But Red Dawn is theirs, unlike movies that are claimed by conservatives but not crafted by them (like The Lord of the Rings, made by progressive Kiwis with funding from liberal Hollywood, or March of the Penguins, which is French, for Pete’s sake). Milius may fatally reveal himself as a gun-toting reactionary, but he’s no hack, precisely; he co-wrote Apocalypse Now, made Conan the Barbarian, and show-ran HBO’s flawed but nicely-crafted Rome. His Red Dawn smartly locates its anti-Commie hysteria in the film-history scheme of the classic Hollywood western, repeatedly equating the invading Reds with the untrustworthy red-men of the cowboys-and-Indians potboilers of the past. Like many conservatives, Milius proves to have an unfortunate soft spot for the offensive stereotype, foolishly assuming that if bleeding-heart liberals disavow something, then it simply must be worth a right-flank defense. But the seductive crafting of his onscreen hysteria is what has made it so appealing to the hysterics that populate the modern right. You cannot say it doesn’t deserve its ideological accolades, unlike the apparently inept Atlas Shrugged.

Will all of this be reflected in the remake, starring the blond Aussie beefcake from Thor and helmed by a career stuntman and second-unit director of overfrenetic action flicks? It seems mildly unlikely, as the remake’s pedigree seems more likely to be one of furious unideological violence with the occasional fascist knee-jerk thought tossed in. It cannot be pretended that Red Dawn, of all cultural products, represents some sort of conservative intellectual golden age, but compared to the moral and intellectual rot at the core of contemporary right-wing thought, it at least demonstrated the courage of its convictions. The main problem with conservative takes on popular culture is that the basic constituents parts of creativity – openness of thought, a collaborative mindset, lack of dismissive moral judgement – are the very qualities that are firmly rejected by conservatives as socially-destructive liberal indulgences to be rooted out and eliminated in order to restore the stronger, more traditional social order that they crave but has never really existed.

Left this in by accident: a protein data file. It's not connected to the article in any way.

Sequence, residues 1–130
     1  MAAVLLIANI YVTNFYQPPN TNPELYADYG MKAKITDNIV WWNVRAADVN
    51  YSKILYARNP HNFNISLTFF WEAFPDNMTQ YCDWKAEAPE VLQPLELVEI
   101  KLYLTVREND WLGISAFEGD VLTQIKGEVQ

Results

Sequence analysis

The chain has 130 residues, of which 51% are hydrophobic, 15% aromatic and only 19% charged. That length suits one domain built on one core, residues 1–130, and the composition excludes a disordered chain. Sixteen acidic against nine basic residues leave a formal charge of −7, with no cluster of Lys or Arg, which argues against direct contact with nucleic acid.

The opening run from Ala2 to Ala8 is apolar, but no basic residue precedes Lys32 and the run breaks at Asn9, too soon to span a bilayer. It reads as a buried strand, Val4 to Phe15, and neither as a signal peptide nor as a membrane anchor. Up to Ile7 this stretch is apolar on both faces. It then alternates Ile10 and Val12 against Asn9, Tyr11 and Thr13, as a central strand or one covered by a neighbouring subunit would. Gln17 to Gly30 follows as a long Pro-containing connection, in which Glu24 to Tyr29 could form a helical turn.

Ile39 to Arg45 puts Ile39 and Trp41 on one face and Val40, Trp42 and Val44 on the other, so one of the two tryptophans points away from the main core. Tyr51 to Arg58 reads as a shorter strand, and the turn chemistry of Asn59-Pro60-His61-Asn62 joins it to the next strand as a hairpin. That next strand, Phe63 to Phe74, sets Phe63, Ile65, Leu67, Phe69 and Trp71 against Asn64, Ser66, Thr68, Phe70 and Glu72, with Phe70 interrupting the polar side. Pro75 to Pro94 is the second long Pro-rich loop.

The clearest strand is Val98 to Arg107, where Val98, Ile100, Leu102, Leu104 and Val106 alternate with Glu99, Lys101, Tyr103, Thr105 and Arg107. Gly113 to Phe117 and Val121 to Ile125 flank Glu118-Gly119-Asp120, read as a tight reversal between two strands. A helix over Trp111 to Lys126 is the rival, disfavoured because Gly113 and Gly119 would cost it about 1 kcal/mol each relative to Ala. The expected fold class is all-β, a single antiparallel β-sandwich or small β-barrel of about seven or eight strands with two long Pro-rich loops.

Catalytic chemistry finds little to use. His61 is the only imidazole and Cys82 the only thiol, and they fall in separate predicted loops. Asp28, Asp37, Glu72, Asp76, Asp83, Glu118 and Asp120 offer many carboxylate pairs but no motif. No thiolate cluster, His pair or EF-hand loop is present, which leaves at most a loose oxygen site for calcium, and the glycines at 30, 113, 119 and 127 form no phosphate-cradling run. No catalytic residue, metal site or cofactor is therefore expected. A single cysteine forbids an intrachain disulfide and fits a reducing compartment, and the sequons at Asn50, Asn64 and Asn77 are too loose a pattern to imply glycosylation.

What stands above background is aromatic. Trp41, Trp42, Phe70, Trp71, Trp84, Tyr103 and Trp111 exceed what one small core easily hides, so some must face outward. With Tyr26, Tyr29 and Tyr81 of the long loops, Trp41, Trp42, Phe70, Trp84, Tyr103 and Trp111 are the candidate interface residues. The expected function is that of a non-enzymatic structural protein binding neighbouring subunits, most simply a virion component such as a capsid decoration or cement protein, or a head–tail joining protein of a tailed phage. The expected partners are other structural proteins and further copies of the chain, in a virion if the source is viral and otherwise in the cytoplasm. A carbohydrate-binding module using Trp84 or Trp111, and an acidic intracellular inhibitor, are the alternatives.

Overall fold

Andrew Breitbart in mid-freestyle

This rigidness of thought combined with a roiling anger and disdain for difference in all of its forms was embodied in certain public figures on the American Right, and troublemaking blogger Andrew Breitbart’s surprising death this past week, when combined by Rush Limbaugh’s execrable slut-shaming of an ideological opponent, may be the harbingers of a sudden implosive deflation of the current vogue for aggressive conservative intransigence. Another likely crushing electoral defeat at the hands of the right’s latest Antichrist, Barack Obama, may accomplish the sudden realignment of conservative priorities that Andrew Sullivan longs for, or it may calcify the activists even more in their anti-social belief system. Either way, until conservatives can learn to engage more freely with the components of creative inspiration, they will continue to cede ground to what they view as the essentially liberal products of mass culture, and to cede the wider social territory to their perceived enemies as well.

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  1. March 3, 2012 at 6:55 pm

    Thoughtful post. What we call conservative “art” (I guess Ayn Rand counts, since conservatives say it does) tends to be so overtly political that it is more propaganda than art. Of course any art that doesn’t recognize the complexity of the human spirit is probably going to be bad.

  1. November 12, 2012 at 10:07 am
  2. June 14, 2014 at 6:21 pm
  3. October 16, 2015 at 4:03 pm